Embrace the Web’s evolution … or die
We've spent a lot of time here talking about generational differences and the concessions older managers are making to accommodate the work habits of their younger employees.
Those concessions will turn into an all-out workplace revolution, if I'm reading the results of a new MacArthur Foundation study correctly.
The study, in which researchers interviewed more than 800 young people and spent more than 5,000 hours studying their online activities, found a huge disconnect between what youngsters are doing online and what adults think they are doing.
So what are they doing? Learning, as it turns out.
“It might surprise parents to learn that it is not a waste of time for their teens to hang out online,” said the report's lead author, Mizuko Ito, a researcher at the University of California, Irvine. “There are myths about kids spending time online – that it is dangerous or making them lazy. But we found that spending time online is essential for young people to pick up the social and technical skills they need to be competent citizens in the digital age.”
In a nutshell, the study found that spending time online is not, as many adults fear, a waste of time. Rather, it's teaching young people "the social and technical skills that they need to fully participate in contemporary society," the report states.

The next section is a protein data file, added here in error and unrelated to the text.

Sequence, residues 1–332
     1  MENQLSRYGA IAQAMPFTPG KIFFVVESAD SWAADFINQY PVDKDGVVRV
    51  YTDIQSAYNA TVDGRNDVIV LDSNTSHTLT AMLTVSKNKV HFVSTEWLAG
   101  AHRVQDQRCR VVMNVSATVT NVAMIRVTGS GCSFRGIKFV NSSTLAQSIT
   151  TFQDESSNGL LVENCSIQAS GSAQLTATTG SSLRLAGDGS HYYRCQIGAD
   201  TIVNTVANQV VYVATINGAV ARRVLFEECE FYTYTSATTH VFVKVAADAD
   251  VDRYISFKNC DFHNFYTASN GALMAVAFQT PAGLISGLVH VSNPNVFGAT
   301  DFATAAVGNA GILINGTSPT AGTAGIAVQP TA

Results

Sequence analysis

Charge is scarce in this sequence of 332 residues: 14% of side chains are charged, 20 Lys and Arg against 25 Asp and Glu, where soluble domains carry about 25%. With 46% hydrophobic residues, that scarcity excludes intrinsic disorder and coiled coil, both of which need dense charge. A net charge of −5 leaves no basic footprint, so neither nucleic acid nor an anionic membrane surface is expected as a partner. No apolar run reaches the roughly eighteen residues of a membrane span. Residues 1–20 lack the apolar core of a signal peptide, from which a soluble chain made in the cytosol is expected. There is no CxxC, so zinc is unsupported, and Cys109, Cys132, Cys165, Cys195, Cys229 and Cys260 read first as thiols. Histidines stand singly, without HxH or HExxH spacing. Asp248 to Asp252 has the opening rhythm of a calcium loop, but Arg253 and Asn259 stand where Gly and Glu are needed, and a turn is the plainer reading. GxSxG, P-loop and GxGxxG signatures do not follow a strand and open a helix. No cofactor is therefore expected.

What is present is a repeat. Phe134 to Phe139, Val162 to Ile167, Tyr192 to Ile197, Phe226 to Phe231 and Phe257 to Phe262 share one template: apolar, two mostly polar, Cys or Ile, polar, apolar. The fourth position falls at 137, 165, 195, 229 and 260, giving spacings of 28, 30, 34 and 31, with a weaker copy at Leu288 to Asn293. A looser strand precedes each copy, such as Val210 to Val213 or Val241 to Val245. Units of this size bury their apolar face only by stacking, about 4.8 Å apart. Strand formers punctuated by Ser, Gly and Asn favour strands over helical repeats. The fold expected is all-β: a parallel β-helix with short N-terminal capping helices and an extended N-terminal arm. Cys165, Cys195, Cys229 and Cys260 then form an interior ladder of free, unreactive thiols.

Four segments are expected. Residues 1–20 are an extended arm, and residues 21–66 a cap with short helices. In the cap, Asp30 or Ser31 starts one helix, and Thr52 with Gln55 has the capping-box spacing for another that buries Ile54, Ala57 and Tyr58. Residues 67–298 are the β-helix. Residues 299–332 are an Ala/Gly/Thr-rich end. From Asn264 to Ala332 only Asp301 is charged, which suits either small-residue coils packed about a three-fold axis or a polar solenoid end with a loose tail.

And the learning doesn't stop there. Youngsters are also expanding their education by studying specific subjects online -- and that online education is strengthened through the power of social networks. In fact, researchers found that youngsters today are more motivated to learn from each other than from adults.
The report states emphatically that "adults should facilitate young people's engagement with digital media" and "to stay relevant, education institutions need to keep pace with the rapid changes introduced by digital media."
That applies to business leaders as well. Many of them are already changing their business practices to accommodate their millennial workers. When the youngsters in the study hit the workforce, those changes will become an outright reformation. Social networks, Web 3.0 semantics and virtual worlds will invade the workplace and become the new normal.
And why? Because tomorrow's employees will demand them. Why wouldn't they? They've never known a world without them. As a result, businesses that stubbornly cling to traditional business models will lose any chance they had of attracting tomorrow's top talent, and they'll evaporate in the process.
Still think you don't need to pay attention to today's Web 2.0 "fads?" If we don't figure this stuff out now, we'll be completely lost when those "fads" evolve into the next big thing.
And I've got news for you: That evolution has already begun.